Bank Earnings Show Consumer Is Strong, Even if Corporate Sentiment Isn't

October 15, 2019

The third-quarter earnings season kicked off in earnest Tuesday morning, with banks leading the way. JPMorgan Chase ($JPM), Goldman Sachs ($GS), Citigroup ($C), and Wells Fargo ($WFC) all reported their quarterly numbers before the bell. JPMorgan was the only all-around beat, though Citi posted strong revenue numbers, Wells came in mixed, and Goldman missing estimates entirely.

Goldman's miss is at least partially in response to the cooling IPO market, said Jeff Weiner, chairman and CEO of Marcum LLP. That bank, along with Morgan Stanley, is more dependent on IPO fees than firms with large retail banking arms, like Citi, Wells, and JPM.

Banks also suffer in times of low interest rates, which help the consumer but ding margins for lenders.

Weiner said he expects a "mixed bag" this earnings season, not just in the banking sector. The sheer amount of news headlines and policy changes coming out of the Trump White House, mixed with geopolitical unrest and prolonged trade tensions, has created a climate of "wait and see" when it comes to capital expenditures, hiring, and expansion, he said. "When things are as volatile as they have been ... we just don't know where the next conflict or problem is going to be."

He noted that the last time he came on Cheddar, back in July, the Dow was trading at just about the same level as it was on Tuesday. But it's had big swings in between. "I don't know that the market is going to go out of the trading range we've been in," Weiner said. "I almost think we're in a presidential Twitter market," where investors are just reacting to the news out of the White House rather than the underlying macroeconomic factors that have driven the last decade's expansion.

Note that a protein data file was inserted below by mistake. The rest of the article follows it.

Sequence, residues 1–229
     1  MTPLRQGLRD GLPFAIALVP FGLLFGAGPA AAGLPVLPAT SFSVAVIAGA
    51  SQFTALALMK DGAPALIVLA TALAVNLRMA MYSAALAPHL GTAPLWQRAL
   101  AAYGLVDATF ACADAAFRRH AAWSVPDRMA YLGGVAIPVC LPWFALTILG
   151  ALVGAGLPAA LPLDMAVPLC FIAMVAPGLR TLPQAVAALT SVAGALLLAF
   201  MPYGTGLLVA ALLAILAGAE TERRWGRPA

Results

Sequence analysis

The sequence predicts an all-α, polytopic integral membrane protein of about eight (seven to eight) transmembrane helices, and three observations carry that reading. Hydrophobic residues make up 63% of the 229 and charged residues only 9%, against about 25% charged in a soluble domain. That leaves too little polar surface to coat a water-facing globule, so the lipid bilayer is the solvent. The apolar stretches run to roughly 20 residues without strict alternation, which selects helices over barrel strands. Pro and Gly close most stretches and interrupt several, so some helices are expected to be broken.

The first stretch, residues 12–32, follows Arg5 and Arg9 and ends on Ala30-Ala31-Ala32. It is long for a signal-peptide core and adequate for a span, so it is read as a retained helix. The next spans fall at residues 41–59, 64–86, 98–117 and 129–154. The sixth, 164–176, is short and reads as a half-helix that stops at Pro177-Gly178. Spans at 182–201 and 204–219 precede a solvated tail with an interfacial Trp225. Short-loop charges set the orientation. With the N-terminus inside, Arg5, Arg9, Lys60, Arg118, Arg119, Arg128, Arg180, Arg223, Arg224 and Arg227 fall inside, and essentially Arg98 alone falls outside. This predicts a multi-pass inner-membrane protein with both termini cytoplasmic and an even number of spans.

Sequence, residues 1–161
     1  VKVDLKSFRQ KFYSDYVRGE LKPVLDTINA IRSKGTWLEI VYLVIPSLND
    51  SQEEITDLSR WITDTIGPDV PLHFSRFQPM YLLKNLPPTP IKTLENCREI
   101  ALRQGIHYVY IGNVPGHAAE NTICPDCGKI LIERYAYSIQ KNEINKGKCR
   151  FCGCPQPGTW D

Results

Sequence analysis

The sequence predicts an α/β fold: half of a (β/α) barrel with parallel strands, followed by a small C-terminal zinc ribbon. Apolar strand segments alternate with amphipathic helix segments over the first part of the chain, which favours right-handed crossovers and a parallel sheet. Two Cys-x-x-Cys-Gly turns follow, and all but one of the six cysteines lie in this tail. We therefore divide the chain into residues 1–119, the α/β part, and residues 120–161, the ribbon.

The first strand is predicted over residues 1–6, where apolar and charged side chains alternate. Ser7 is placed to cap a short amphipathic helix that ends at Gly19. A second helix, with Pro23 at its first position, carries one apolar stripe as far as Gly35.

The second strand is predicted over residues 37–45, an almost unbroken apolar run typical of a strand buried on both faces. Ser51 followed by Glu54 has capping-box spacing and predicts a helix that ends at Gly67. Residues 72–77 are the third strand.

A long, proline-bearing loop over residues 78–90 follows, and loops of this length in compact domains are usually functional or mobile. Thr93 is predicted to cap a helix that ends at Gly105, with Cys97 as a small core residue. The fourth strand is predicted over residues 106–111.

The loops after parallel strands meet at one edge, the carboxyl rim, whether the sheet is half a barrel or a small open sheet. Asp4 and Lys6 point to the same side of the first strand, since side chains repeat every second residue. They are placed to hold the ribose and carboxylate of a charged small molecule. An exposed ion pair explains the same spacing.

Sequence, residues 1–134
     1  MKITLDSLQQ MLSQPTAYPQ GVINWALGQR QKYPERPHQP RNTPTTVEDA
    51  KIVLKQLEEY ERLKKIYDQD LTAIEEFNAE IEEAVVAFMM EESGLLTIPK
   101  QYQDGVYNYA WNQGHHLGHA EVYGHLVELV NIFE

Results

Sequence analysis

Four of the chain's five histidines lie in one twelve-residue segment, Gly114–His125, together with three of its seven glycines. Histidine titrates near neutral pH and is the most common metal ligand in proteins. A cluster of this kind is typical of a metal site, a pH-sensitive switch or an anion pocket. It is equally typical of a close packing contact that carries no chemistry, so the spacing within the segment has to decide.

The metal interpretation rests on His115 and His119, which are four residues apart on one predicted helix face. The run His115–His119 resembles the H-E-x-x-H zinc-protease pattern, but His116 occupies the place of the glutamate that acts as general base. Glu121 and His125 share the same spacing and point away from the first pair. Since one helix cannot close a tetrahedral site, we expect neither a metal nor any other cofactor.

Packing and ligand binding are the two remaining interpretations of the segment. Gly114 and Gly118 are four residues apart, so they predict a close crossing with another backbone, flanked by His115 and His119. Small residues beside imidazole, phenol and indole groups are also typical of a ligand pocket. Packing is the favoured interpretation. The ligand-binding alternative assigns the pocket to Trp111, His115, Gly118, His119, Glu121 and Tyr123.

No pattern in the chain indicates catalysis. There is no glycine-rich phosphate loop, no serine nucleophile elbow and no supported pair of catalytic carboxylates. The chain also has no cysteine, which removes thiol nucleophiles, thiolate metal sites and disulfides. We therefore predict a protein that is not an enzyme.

JPMorgan CEO Jamie Dimon alluded to that in his conference call following the bank's strong earnings Tuesday morning, saying that consumer spending remains strong even while the trade war has clearly made an impact on business sentiment. JPMorgan reported profits of $9.1 billion on $29.3 billion in revenue for the quarter.

Those results aside, Weiner was not optimistic that many large U.S. firms were going to post blowout numbers for the time being. "None of this is good for the economy," he said of the Trump administration's policy agenda. "It's just not a good business climate for people to want to take risk."

The wave of bank earnings continues Wednesday, with Bank of America reporting before the bell, followed by Morgan Stanley on Thursday.

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